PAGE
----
Your garden hosts the lonely blue bee rock concert
Scientists have recorded blue-banded bees head-bopping and shoulder-popping at three hundred and fifty times a second. The move is called ‘buzz pollination’, and it affects us more than we realise.
Blue-banded bees break many bee stereotypes. In fact, the first time I saw their blue blur whizzing around the garden, I had no idea what insect they were. They’re quite stout and move similar to a hover fly. Facing the unknown, I did what any self-respecting scientist does – I took to Google.
Turns out that I relate a lot to these little guys (definitely sans the dancing, but we’ll get to that). They’re one species of about two thousand Australian solitary bees. To compare, there’s only ten social bee species living in hives. The females burrow into soft mud or sandstone to make their nest, and the males… I’m not exactly sure why nothing eats them, but they snooze on branches like a bunch of grapes. They look ridiculous. You can tell the difference between them by counting stripes – four for females, five for males. Much like myself, they also rumoured to be attracted to the colour blue, and are non-aggressive. They won’t sting unless they’re under attack – and that means attack by inspecting fingers too!
Upon finding a flower with delicious pollen, the blue-banded bee grips the protruding stamen with it’s legs and curls it’s thorax around it. Then things start to get interesting. Bees, and many insects, have asynchronous muscles. This type of muscle is not like our own, which tenses or relaxes with a single nerve signal. Instead, they continue to tense and relax long after a signal – enabling their wings to beat at high speeds.
As seen above, those muscles driving the wings disengage and convert to the head-banging action which releases the pollen. Rock on, little guy.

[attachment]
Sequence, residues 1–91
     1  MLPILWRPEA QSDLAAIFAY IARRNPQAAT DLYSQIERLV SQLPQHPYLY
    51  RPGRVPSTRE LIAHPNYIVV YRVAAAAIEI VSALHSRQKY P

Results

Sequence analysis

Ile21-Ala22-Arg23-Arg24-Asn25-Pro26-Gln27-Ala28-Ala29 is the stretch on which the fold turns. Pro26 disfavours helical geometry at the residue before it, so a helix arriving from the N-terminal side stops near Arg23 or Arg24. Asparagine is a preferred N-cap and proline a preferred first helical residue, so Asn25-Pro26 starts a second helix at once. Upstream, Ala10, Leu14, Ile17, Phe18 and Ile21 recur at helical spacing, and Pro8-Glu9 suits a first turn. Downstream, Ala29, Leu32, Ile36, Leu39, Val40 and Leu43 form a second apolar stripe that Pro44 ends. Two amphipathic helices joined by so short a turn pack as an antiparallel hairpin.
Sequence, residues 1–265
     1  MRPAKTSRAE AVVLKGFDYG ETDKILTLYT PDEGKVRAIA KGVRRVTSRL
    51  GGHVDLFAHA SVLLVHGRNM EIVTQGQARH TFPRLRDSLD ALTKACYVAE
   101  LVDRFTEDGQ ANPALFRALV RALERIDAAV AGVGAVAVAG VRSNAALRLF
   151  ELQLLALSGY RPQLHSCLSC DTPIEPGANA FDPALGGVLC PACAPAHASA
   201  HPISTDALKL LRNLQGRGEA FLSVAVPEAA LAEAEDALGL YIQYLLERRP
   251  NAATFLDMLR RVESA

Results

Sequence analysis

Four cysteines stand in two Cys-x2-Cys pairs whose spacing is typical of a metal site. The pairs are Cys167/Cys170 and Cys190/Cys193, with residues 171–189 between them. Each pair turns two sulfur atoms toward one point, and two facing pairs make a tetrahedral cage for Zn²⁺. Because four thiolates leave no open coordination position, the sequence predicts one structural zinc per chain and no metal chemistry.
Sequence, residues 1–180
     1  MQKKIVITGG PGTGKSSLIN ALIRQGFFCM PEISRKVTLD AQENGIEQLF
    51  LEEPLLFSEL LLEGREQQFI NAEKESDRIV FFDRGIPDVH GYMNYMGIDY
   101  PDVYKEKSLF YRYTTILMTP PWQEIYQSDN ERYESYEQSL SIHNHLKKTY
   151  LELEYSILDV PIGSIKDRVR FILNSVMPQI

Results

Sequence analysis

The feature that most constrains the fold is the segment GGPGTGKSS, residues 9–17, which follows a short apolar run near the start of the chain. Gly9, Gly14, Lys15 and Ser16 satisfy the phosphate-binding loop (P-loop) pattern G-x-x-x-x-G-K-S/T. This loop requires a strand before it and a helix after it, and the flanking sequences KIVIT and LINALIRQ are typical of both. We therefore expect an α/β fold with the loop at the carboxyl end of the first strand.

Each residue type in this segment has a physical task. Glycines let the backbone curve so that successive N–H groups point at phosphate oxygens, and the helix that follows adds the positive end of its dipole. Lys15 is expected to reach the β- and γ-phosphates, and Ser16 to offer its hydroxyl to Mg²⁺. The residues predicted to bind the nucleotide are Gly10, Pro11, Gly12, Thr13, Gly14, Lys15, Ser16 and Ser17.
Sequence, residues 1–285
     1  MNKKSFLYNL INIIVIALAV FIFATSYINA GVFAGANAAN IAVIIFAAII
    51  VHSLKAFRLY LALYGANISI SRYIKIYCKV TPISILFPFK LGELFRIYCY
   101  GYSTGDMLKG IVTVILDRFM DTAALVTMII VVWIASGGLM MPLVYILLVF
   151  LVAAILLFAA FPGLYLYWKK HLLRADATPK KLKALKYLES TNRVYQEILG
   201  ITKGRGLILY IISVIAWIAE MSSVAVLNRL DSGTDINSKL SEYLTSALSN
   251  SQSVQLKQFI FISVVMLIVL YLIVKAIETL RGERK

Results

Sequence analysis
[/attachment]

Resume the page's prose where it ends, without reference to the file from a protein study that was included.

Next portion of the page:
At first it seems like this is all a bit excessive. I mean, I sure don’t shake the fridge to make a sandwich. And neither do most bees. There’s only a handful that buzz pollinate. So why do they?
If you scratch my back, I’ll buzz yours
This is a case of the classic gunslinger stand-off. A mutualistic relationship, where both species need something from the other to survive. The bees need protein and fats from the pollen for themselves and their offspring; the plants need bees to deliver their plant sperm (pollen) to the girl next door. So it benefits the plant if the bees are more specialised, such that they only visit a few species. For some Australian natives, buzz pollination is the only way to get to the pollen.
Home growers and farmers alike benefit from a visiting buzz pollinator. In America this is the bumblebee, but Australia doesn’t yet have a commercialised species. Tomato growers currently rely on hours of manual labour with a mechanical vibrator (you heard me right). And it doesn’t even do a good job. Trials have shown a 20% fruit weight increase when using blue-banded bees instead. What’s more, is that they might be better workers than the bumblebee. They spend less time on each flower, tend to visit other plants more often, and can buzz at higher speeds.
It’s predicted that 20,000 flowers could benefit from buzz pollination. Besides tomatoes, many common fruit and vegetables are included. Blueberries, cranberries, kiwifruit, chillies, and eggplant all hide their pollen. The clever blue-banded bees could be the alternative farmers need.